I dare not speak as openly as might seem necessary to the Queen and her Council about all I have set forth above, because the marriage per verba de prœsenti has not yet taken place, and because of the objections which the Chancellor raised when we first discused the project of the alliance. But I have informed Paget of everything, and the Admiral (Lord William Howard, Lord Admiral of England) has gone to arm the fleet. I mentioned to Paget the names of all those who have an understanding with the King (of France). The worst symptoms I see are the dissensions and partialities within the Council, where Courtenay has friends, and the unstable and deceitful nature of the English. Paget has strongly urged me to find out if it would not be possible for his Highness to come here soon, as he thinks he could set matters right and do all that is necessary and suitable. As he says himself, the French know there is no money in the kingdom, the heretics are discontented, many catholics even do not desire the marriage, and many of the English are French partisans. The Queen, being a woman, cannot penetrate their knavish tricks nor weigh matters of state; and he beseeches your Majesty very humbly to consider what is set forth above, and provide in time.
M. d'Oisel who passed through to Scotland was taking with him five or six French captains, besides six more who went through before, to get an army together in Scotland. They had charge to get all the ships in Scotland ready to join the king's and carry out his plans. A French spy has discovered this, and it confirms other information we had already received.
After my letter was written Paget came to see me in my house to inform me that Carew had assembled eight or ten gentlemen in the town of Exeter and called together a great number of people to find out if they would sign and acknowledge a certain letter he had written to the Queen of England, wherein he declared that they did not in any way intend that his Highness should disembark in the West Country with Spaniards, because, as he said, the Spaniards would wish to do as they pleased, and violate their daughters, which they ought not to suffer, but had better choose death. Thus the revolt and commotion referred to was begun. The people would have no part in the sending of the letters which, nevertheless, were despatched.
When I communicated the said letter to your Majesty's ambassadors, they were of opinion that I should send them to you, and declare everything plainly to the Queen. I have done so; and while I was on my way I met a Gentleman Usher who was coming to summon me as she desired to speak to me. When she heard that I had been informed about Carew's actions, she had me shown certain letters from Carew, signed by him and by seven other gentlemen of the West Country, addressed to the Queen's Council, in which he excused himself for having assembled the people at Exeter, on the plea that he had not known her intentions as to the marriage, and that they (i.e. Carew and his friends) had been induced to believe that the Spaniards were coming in arms to England to oppress the people. They besought the Council to take their excuses in good part. Now, it has been ascertained that they had done their utmost to rouse the people; but the people believing their real object to be an attack on religion, refused to be subverted. The Queen informed me that she had issued a warrant to seize Carew, and was about to send captains and lieutenants in every direction through the country to raise men-at-arms and do all that was requisite to prevent the people from rising, prosecute the rebels, and let the French know that she was not unprepared either by land or sea, as her ships should be armed and every possible demonstration made. I have encouraged her as much as I could, so that surprises may be avoided. I also informed her of that which we had agreed upon together; (i.e. the Envoys and the ambassador) but she told me she had entire confidence that your Majesty would do what seemed best. She then spoke to me of his Highness's coming, and repeated again that unless he arrived here before Lent she would not marry until after Easter. I replied that all haste should be made, but that it was difficult for him to arrive before Lent; and I trusted your Majesty would take into account the information set forth above, and would do all that was requisite, considering that the French enterprise was adverse to your Majesty and the Queen. I will wait for further instructions from your Majesty. While writing these letters I received a packet from his Highness dated November 12th. The courier was delayed 40 days at the port of Plaisance. I have no news of the other three who passed this way. His Highness's letters confer upon me full power to promise whatever is necessary for the marriage, but as they are in cipher, I do not see how I can use them. I will inform the Queen, however, the better to confirm her in her resolve.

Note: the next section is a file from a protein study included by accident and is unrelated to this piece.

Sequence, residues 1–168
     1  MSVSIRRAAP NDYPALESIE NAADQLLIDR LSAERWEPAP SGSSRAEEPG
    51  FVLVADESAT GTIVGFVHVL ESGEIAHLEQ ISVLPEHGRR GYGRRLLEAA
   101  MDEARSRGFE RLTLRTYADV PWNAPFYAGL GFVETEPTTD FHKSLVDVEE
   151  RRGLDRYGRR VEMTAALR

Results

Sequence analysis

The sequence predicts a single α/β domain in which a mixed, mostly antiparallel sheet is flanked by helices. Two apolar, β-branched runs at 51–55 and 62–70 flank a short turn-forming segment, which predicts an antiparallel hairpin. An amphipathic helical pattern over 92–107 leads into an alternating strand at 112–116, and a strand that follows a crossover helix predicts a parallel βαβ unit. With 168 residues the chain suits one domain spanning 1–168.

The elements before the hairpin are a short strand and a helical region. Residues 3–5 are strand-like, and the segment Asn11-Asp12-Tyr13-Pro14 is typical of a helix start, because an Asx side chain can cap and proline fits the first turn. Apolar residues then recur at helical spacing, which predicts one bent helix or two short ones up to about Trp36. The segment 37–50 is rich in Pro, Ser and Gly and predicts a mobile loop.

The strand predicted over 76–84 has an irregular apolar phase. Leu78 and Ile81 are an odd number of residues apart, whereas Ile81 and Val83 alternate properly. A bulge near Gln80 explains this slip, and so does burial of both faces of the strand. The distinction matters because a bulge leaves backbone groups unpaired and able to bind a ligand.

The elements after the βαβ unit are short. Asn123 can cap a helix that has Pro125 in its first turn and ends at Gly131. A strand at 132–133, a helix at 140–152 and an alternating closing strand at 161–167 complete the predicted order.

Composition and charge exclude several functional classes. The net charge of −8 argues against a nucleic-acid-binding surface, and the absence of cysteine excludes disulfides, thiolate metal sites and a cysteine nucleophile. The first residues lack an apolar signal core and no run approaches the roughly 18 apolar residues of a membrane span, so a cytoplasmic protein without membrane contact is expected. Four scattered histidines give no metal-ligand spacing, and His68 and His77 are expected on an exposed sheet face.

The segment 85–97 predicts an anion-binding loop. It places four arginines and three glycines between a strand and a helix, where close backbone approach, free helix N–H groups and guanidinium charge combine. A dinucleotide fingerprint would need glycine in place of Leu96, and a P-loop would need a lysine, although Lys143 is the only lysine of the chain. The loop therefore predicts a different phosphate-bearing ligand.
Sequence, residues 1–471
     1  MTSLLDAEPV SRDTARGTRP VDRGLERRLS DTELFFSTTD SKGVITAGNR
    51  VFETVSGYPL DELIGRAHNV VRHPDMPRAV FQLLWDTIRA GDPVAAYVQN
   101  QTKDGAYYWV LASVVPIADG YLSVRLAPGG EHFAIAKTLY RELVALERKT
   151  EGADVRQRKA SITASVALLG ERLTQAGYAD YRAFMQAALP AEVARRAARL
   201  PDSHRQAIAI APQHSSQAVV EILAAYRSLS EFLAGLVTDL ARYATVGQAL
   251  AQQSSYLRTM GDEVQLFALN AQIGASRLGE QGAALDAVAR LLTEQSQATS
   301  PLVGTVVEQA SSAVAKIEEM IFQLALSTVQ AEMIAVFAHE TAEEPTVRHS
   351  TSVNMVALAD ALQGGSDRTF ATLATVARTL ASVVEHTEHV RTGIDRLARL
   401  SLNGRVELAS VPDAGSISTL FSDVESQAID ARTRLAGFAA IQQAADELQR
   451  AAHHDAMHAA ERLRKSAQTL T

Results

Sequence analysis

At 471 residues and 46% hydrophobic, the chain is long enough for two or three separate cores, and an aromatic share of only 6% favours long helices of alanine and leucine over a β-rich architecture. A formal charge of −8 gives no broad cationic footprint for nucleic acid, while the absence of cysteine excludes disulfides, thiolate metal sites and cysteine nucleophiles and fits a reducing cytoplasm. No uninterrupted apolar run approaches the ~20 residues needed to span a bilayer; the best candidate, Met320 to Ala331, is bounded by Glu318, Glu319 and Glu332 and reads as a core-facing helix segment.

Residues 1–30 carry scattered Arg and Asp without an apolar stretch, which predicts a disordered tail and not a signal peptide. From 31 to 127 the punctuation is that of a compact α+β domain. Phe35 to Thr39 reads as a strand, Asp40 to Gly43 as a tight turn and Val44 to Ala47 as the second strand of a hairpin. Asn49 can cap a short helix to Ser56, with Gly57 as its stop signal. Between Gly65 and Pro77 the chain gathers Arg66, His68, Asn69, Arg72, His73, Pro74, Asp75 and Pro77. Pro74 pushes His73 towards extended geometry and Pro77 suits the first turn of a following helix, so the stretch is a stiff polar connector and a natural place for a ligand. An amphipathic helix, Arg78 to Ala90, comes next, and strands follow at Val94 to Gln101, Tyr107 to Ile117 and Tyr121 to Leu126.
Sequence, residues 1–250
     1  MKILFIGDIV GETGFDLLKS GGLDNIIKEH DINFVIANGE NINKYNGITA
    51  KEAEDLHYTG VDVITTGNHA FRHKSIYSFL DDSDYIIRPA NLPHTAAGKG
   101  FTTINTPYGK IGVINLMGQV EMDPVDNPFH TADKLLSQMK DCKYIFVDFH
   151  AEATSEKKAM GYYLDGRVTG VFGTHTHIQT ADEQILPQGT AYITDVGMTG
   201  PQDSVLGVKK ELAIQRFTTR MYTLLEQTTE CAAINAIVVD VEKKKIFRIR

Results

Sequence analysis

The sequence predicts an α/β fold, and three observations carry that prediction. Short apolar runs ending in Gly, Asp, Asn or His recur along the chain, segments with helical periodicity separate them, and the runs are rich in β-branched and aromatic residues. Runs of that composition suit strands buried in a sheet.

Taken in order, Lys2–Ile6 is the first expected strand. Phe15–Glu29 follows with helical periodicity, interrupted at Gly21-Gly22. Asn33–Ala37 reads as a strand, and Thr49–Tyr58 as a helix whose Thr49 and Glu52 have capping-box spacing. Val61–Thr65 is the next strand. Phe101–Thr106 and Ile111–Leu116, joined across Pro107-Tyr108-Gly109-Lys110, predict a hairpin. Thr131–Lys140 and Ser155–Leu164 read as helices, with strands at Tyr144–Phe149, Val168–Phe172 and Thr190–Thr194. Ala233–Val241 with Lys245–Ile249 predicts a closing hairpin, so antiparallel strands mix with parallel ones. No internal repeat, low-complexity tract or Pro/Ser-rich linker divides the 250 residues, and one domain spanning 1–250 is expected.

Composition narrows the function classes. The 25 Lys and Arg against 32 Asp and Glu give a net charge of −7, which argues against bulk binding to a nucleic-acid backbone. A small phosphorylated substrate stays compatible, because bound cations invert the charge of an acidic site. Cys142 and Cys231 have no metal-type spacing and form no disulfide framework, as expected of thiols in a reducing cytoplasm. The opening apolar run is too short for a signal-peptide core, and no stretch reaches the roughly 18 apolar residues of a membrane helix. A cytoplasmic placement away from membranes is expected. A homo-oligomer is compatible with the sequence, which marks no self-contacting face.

London, 18 January, 1554.
French. Signed, Cipher.
Printed from a transcript at Brussels, by Gachard, Voyages des Souverains des Pays-Bas, Appendix to Vol. IV.
Vienna. E. 22.
Calendar of State Papers, Spain, Volume 12, 1554
Edited by Royall Tyler.
Published by Her Majesty's Stationery Office, London, 1949.